(B) Some people who don't want children wouldn't be good parents; their children wouldn't be so very happy; and by being parents they would lose opportunities to do good in other ways. Those people would not have an obligation to have children.
(C) Utilitarianism is generally a "demanding" moral theory. It tells us we must do all sorts of things that are very hard for us to do. Inevitably, we will not completely discharge our obligation to maximize total good. If I don't want to have a child, but should (on utilitarian grounds), this is one of the most arduous obligations I have. It helps me digest the idea that there's some obligation to have kids when I think of it as a "hard" obligation, the sort (like give enormous amounts to the poor) that understandably won't always be fulfilled.
Picture the world 15,000 years ago, when humans were sparsely distributed over the face of the planet. Your tribe is dwindling. The youngest kids are surly teenagers. You can picture the forests devoid of human laughter and conversation (Disney images are coming to your mind, 15,000 years before Disney). If things continue this way, there will be fewer and fewer people. Wouldn't you be making the world a better place if you created a new human being?
If there's a problem with total utilitarianism (and there may be!), I don't think it's simply that the view means that some people, at some times, in some places, ought to have more children. That's not actually a ridiculous thing to think.
Wouldn't it be more sensible to work to increase the well-being (happiness doesn't seem like a goal to me) of already existing people and animals? First of all, you never know what will happen in the future: there are earthquakes, children are born deformed or with mental illnesses, even in the best families or die young from horrid diseases. Women die in pregnancy or suffer in pregnancy or
do not flourish as mothers and would have flourished if they had pursued a career, instead of having children.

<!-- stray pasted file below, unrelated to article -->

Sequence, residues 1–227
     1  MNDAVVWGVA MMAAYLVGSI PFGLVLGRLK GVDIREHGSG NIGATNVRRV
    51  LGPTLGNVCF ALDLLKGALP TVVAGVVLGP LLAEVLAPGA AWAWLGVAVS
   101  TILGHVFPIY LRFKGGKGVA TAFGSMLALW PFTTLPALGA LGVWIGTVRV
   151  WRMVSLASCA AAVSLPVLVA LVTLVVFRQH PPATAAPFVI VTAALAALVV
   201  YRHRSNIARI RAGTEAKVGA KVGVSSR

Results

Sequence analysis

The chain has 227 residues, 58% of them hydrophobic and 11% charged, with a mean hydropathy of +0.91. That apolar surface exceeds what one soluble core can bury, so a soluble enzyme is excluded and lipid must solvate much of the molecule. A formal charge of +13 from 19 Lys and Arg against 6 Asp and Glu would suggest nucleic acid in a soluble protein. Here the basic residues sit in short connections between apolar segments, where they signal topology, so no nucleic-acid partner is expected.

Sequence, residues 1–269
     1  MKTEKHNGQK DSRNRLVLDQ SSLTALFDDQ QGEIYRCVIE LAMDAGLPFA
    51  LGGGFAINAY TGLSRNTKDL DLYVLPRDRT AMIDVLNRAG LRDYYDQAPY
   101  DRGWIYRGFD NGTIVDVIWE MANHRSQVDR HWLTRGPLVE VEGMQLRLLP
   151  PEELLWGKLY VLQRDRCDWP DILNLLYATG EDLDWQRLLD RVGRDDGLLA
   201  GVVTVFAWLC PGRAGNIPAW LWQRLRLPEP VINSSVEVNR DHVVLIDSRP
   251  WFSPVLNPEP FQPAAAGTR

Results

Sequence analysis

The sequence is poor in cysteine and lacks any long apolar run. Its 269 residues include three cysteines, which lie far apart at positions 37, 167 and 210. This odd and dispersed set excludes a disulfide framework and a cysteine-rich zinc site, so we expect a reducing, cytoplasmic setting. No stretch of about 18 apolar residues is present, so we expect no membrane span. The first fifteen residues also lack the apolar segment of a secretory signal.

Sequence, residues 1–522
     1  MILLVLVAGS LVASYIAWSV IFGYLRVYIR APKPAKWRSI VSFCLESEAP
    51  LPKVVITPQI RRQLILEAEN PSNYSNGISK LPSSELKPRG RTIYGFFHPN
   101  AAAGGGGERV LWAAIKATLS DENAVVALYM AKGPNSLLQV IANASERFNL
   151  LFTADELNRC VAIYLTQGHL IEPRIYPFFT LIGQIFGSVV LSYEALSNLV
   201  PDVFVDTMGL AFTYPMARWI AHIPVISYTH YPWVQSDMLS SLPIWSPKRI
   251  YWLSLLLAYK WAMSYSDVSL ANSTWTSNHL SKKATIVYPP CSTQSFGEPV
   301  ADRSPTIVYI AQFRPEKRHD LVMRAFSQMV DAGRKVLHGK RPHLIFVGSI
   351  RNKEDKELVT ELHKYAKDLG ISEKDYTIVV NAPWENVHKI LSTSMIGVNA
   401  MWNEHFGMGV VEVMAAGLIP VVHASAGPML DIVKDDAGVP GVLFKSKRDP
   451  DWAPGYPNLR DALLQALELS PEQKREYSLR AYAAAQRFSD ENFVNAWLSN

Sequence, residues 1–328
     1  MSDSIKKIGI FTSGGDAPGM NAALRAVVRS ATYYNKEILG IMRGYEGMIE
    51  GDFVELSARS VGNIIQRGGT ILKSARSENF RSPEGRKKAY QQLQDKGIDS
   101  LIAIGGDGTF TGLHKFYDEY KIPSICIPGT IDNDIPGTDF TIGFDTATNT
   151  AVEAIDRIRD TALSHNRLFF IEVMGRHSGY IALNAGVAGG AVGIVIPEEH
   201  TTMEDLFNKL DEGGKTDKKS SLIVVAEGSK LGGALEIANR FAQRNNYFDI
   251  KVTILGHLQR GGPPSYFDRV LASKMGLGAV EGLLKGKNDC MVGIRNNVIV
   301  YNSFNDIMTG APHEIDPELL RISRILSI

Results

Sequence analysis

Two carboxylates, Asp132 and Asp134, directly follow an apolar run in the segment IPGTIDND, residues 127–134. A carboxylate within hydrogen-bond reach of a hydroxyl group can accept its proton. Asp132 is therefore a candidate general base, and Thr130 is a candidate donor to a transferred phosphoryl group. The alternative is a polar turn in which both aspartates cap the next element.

Yes, that's puzzling. I'm thinking about it!
A bird in the hand is worth two in the bush. In Spanish, it's a bird in the hand is worth one hundred in flight. That is, an actually existing being is worth many possible beings, since what will occur with possible beings is highly uncertain. The idea of future happiness involves extrapolating from the curve.
Imagine the following:
Someone gets up in front of a group of people and shouts: "Children are good to have!"
I tihnk this would be uncontroversial.
Imagine instead they shout: "You are all obligated to have children!"
I'm pretty sure that wouldn't sit will with people.
The notion of being obligated to create...well anything does not sit will.
Faust: I'm not at all sure that the idea that children are good to have is not controversial. My impression is that most people have children, without much thought, because everyone else has children, that is, out of a desire to conform, to be normal, but I know a goodly number of heterosexuals, both male and female, of my generation, who decided after thinking about it not to have children. For those people, having children was not considered to be a good.
My point is not that it's attractive to recognize any duty to procreate, but maybe we have to -- to avoid saying things that make even less sense. Plus, I'm saying maybe we can mitigate the strangeness by recognizing points like (A) - (C).
Even if one recognizes that bringing a child into the world is always a good (which I don't), why would that good necessarily trump other goods that a child-less person would have time and energy, not being engaged in child-raising, to commit herself to (basically, your point B)? Isn't the whole argument a veiled anti-feminist position, one that insists that woman's place is to bear children?
Total utilitarians wouldn't think making a baby always trumped other goods. That's what (A) and (B) both point out. The view is that we ought to have a child when adding a kid to the world adds more to total happiness than anything else we can do. In many situations, that will not be case.